Defence Force tribunal approves below-inflation ADF pay deal


An "insultingly low" below-inflation pay deal for 57,000 Australia soldiers, sailors and air force personnel has been approved and the opposition has told Prime Minister Tony Abbott to hang his head in shame. 

But any hope diggers had of political intervention to save their pay packet from a cut in real terms has been rejected.


Within hours of the independent Defence Force Remuneration Tribunal approving the deal Assistant Defence Minister Stuart Robert ruled out any involvement by Mr Abbott as called for by the Defence Force Welfare Association.

"That's the end of the matter," Mr Robert said on Monday. 

"I'd have loved to provide more. It's the most we could provide in the fiscal circumstances."

The 4.5 per cent pay increase across three years will cost the government $634 million and was expected to cause concern in the ranks of 20,000 civilian Defence staff who were in the midst of their own negotiations.

The Australian Defence Force's 1.5 per cent annual pay increase would be seen by many as a ceiling during civilian negotiations.

Defence Force Welfare Association national president David Jamison said the insultingly low arrangement was a strange way to reward ADF members for their dedication and hard work especially as the government had just dispatched a new contingent to the ongoing Middle East conflicts.

"The (Prime Minister) must intervene to direct a fair outcome for our serving ADF members and restore the integrity of the ADF pay fixing system," he said.

DFWA vice president Les Bienkiewicz said: "(The decision) was as expected but we're disappointed."

The tribunal's decision noted that the Chief of the Defence Force Mark Binskin and the ADF could pursue various salary- and pay-related claims during the life of the arrangement and Mr Bienkiewicz said his organisation would be pushing for this option to be used. 

Opposition leader Bill Shorten said the government's own budget papers revealed the funds for a fair pay deal had already been provided for.

"Tony Abbott should hang his head in shame at cutting the real wages of our ADF personnel and cutting their Christmas and recreational leave," Mr Shorten said. 

"It is inexplicable that this Government can send our service men and women into harm's way and at the same time force the ADF to take a real pay cut.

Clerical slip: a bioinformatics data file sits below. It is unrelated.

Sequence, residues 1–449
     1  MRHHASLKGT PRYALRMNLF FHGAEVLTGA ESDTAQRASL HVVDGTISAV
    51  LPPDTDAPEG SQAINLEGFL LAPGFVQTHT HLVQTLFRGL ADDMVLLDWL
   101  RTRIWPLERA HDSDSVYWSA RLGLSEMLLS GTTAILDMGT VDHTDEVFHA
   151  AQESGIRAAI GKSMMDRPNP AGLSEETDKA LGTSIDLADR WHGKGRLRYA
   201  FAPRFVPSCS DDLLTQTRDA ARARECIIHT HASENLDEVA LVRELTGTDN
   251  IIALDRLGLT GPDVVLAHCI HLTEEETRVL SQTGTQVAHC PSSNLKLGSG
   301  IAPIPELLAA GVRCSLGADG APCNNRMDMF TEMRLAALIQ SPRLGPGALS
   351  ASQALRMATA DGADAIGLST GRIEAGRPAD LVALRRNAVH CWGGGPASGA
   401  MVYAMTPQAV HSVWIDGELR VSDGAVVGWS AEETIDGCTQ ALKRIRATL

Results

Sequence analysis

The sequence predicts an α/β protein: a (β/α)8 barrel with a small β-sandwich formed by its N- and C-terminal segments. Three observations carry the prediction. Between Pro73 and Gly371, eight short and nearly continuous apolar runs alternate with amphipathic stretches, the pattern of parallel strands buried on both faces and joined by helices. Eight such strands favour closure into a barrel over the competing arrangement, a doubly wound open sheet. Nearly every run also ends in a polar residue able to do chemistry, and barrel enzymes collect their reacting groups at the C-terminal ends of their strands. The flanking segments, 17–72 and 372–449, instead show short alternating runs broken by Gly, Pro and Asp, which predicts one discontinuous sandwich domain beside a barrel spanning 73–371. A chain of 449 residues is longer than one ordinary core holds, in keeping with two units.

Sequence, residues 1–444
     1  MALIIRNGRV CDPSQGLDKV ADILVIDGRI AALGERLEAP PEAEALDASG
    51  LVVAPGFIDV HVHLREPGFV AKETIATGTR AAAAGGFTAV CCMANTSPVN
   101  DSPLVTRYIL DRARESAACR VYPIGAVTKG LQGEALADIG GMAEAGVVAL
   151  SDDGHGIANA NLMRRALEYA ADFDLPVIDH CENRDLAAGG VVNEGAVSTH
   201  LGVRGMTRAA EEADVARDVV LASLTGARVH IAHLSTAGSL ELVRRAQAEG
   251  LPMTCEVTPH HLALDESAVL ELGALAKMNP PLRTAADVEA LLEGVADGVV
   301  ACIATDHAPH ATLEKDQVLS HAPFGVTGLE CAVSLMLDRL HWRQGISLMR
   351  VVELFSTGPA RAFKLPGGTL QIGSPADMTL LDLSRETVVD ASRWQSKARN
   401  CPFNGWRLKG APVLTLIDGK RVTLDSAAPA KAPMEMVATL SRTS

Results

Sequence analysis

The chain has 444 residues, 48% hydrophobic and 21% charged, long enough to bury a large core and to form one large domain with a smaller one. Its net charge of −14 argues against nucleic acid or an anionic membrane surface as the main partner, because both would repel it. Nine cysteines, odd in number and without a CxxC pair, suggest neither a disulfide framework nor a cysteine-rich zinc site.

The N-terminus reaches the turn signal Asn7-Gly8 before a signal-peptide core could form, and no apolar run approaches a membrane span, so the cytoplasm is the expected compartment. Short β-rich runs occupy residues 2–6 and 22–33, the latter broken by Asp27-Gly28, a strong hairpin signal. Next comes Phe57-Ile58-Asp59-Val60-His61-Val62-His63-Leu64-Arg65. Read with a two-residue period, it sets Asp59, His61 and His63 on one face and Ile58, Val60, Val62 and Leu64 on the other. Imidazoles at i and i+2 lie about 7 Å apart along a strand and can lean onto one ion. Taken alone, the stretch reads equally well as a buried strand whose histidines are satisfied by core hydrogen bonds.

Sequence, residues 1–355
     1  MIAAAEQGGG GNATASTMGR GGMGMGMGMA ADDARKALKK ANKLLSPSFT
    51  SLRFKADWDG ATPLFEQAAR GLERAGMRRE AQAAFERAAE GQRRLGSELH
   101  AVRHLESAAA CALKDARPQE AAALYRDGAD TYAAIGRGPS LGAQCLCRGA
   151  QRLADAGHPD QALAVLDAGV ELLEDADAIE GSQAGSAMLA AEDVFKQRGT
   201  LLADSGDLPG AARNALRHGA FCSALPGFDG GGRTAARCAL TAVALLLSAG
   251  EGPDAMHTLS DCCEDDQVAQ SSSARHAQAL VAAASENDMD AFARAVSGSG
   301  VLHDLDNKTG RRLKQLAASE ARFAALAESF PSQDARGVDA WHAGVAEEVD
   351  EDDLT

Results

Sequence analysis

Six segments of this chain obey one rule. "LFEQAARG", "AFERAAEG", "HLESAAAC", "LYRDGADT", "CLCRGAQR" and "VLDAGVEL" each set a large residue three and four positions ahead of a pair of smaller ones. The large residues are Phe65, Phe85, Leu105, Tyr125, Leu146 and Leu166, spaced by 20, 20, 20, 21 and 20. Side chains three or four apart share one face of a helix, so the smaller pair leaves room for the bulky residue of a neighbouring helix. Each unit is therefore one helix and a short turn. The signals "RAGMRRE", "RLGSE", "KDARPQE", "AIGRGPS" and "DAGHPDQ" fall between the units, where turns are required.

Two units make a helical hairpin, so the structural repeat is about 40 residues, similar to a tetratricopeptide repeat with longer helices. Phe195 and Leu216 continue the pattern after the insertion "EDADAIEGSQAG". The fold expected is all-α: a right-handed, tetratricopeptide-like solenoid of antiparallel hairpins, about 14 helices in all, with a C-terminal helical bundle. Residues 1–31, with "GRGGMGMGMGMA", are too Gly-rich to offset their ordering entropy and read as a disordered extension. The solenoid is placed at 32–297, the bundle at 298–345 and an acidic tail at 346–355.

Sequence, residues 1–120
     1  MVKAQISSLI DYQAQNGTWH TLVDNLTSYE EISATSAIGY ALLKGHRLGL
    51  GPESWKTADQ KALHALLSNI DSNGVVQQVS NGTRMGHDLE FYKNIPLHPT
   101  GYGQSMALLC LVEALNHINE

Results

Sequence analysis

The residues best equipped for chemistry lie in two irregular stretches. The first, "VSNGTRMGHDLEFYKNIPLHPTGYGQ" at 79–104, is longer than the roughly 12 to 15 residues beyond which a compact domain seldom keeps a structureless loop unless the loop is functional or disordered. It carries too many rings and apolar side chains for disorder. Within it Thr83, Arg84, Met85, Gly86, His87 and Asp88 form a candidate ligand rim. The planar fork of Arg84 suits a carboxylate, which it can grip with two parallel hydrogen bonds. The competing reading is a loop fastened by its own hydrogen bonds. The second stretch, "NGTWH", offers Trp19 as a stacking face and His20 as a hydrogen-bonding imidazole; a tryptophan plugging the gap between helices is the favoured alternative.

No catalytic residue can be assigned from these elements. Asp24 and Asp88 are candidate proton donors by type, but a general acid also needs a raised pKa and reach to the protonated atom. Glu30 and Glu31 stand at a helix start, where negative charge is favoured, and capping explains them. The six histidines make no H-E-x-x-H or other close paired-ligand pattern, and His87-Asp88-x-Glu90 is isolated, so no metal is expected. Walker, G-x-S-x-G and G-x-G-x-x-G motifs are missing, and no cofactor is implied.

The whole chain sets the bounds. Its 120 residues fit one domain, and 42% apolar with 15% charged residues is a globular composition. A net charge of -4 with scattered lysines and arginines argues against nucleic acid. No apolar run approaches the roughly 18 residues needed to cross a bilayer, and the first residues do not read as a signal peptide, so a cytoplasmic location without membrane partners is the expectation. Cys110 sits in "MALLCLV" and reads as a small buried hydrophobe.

"Over the past three years, ADF wages have increased by an average of 3 per cent every year. The Abbott government pay increase of 1.5 per cent per annum is well below inflation.

"All at the same time as it's shovelling money to big polluters, giving mining companies a tax cut and paying millionaires $50,000 to have a baby.

"The Abbott Government has gone ahead and cut the real pay of our service personnel, despite Assistant Minister for Defence Stuart Robert saying in 2011 that it was 'outrageous' to make a pay offer below inflation."

Mr Robert said the ADF deal was a legacy of at least $16 billion in cuts to defence spending by Labor and that "we inherited the lowest level of spending since 1938".

Mr Robert said the government would be providing free healthcare of up to $400 per dependent for ADF members.

The first pay increase for ADF members will take effect from this Thursday .

Defence families across Australia were not happy about the military wage deal when it was announced last month but still needed clearance from the tribunal.

The offer – which ADF members cannot protest – was made just days after the nation's armed forces were committed to war in Iraq.

Following the offer media reported Air Chief Marshal Binskin as telling the military he expected discontent in the ranks over the offer but said it was "as good an outcome as I can negotiate in the current climate".